xFIP is also useful for considering pitcher matchups. Because the formula is mostly based on strikeouts and walks, xFIP helps us measure how dependent a pitcher’s matchup is on how many right handed or left handed hitters are in the lineup. Because Syndergaard’s xFIP is off the charts on the positive side, the quality of his matchup is going to greatly depend on how many right handed hitters are in the opposing lineup. On average, right handed pitchers face about an equal amount of left handed and right handed hitters, while left handed starters face around 1/4th the left handed hitters than they do right handed. As a rule of thumb, a lineup with 6 right handed hitters or more is above average for a right handed pitcher, and a lineup with just 3 left handed hitters or more is above average for a left handed pitcher.
Of all the metrics considered, Isolated Power (ISO) is the simplest. It’s a players slugging percentage minus their batting average. It’s a metric that represents how much power a player has. Because home runs represent a large percentage of a players fantasy value (around 50% for a prolific home run hitter), the difference between ISO given up to left handed vs right handed hitters is very important. Like wOBA, sample size is a big issue here, so I wouldn’t even consider ISOSplit for a pitcher with under 400 innings pitched.
All three metrics are quite correlated, but sometimes you can find some variations. For example, Colby Lewis is a big splits righty who gives up a lot of home runs, but he actually gives up more home runs to right handed hitters than left handed, he just doesn’t give up much of anything else. Chris Young is very similar, although his ISOSplit is neutral, meaning right handed and left handed hitters have similar success hitting for power against him. Anibal Sanchez is a neutral wOBA split righty, but has an ISOSplit of -.033, meaning right handers hit for much more power against him than left handers.
How To Use and Not Use These Metrics
Julio Teheran is a great example of why these metrics can be so useful. He is much worse against left handed hitters than right handed hitters, especially when it comes to hitting for power. Facing the Orioles today, left handed power hitter Chris Davis should be expected to do quite well.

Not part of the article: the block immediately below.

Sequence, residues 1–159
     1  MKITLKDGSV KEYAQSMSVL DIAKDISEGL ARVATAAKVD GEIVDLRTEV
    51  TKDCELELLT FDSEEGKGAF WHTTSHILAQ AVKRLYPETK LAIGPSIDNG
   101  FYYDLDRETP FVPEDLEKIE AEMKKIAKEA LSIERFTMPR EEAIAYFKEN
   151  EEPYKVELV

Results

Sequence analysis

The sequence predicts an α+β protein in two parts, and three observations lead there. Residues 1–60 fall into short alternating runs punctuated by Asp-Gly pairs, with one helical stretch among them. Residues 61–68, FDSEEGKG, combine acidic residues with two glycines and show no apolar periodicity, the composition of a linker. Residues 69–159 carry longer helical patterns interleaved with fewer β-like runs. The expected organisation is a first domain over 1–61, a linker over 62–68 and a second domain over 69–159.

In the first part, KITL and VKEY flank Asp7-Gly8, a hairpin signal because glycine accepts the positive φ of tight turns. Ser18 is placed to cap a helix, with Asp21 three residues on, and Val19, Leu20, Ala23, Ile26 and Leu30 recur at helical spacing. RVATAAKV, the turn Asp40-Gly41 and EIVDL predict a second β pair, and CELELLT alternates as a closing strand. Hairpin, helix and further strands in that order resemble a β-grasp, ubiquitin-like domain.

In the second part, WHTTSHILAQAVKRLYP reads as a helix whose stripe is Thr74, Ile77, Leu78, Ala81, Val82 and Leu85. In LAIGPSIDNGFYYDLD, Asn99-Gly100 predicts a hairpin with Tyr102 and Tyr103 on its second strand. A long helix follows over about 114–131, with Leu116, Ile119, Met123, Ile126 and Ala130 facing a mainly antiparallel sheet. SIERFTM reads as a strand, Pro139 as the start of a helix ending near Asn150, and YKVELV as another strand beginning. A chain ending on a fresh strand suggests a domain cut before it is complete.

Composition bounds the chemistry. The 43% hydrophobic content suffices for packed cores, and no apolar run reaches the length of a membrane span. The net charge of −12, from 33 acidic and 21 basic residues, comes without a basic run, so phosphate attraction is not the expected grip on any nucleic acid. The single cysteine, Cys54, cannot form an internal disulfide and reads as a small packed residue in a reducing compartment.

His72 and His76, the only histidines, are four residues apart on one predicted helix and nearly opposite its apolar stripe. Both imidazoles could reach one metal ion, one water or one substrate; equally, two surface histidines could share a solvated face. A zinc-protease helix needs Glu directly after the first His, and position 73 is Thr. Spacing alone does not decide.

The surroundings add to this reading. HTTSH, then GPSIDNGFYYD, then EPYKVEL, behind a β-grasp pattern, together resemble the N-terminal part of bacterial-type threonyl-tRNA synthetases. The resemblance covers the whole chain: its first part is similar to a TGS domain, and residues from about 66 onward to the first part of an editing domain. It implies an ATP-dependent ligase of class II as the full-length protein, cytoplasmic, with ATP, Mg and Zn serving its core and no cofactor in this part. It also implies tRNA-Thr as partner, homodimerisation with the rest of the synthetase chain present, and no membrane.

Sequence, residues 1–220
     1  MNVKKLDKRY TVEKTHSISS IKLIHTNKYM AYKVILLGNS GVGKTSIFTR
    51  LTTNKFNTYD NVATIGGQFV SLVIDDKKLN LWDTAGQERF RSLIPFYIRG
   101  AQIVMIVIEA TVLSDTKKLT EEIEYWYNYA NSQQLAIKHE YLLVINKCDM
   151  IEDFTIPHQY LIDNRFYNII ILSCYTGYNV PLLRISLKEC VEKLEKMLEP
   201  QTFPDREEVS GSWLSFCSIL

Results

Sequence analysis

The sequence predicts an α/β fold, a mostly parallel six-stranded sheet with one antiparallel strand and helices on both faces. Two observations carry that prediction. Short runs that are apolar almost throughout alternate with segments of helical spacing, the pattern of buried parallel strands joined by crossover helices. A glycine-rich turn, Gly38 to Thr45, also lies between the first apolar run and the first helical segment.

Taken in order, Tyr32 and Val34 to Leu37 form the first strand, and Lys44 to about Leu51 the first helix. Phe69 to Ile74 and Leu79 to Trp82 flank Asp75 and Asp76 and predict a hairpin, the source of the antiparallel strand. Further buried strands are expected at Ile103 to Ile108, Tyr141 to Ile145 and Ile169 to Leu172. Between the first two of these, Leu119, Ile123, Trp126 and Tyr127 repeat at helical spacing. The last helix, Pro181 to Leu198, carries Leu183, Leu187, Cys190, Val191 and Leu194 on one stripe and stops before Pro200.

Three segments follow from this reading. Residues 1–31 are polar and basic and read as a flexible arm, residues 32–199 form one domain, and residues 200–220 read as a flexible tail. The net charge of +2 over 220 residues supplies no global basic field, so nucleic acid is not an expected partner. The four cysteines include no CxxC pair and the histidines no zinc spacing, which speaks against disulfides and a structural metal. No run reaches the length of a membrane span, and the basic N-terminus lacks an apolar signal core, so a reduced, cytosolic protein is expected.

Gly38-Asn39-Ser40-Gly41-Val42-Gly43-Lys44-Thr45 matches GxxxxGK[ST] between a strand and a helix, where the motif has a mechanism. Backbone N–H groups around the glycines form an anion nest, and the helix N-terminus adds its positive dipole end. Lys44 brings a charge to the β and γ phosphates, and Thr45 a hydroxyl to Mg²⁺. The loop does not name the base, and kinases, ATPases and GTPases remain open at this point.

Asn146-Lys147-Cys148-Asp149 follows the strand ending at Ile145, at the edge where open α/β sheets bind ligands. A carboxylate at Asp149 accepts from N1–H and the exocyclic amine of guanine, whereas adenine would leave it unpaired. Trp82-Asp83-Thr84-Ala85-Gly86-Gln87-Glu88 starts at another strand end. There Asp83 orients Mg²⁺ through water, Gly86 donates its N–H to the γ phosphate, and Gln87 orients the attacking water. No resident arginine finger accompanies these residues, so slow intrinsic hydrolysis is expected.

But this is only true because Teheran is a below average pitcher in a hitters park on the road. For the most part, hitters do well because of the opposing pitcher and the hitter friendliness of the park. Great starting pitchers often have big splits, and even though they may be worse against one handedness type or the other, they are still above average against both. David Price is a perfect example. Price has big negative wOBA splits and ISO splits, so does that mean right handed hitters are good to target against him? Absolutely not. Price is pitching today at Tropicana Field, one of the best pitchers parks in the league. His career wOBA against right handed hitters is .297. While lefties have fared much worse, a wOBA of only .257, right handed hitters still perform below average against him. Splits is only a secondary factor, it won’t turn a bad matchup into a great one.
- Splits can help guide your lineup making decisions for hitters and pitchers.
- wOBA splits tell you how well left handed hitters have performed against a given pitcher compared to right handed hitters. Positive numbers indicate lefties faring better, while negative indicates righties faring better.
- xFIPSplits give you an idea of offensive performance splits in smaller samples, as well as how dependent a pitcher’s matchup is on the handedness profile of the opposing lineup.
- ISOSplit tells you how different handedness profiles hit for power against a given pitcher.
View all posts by Daniel Steinberg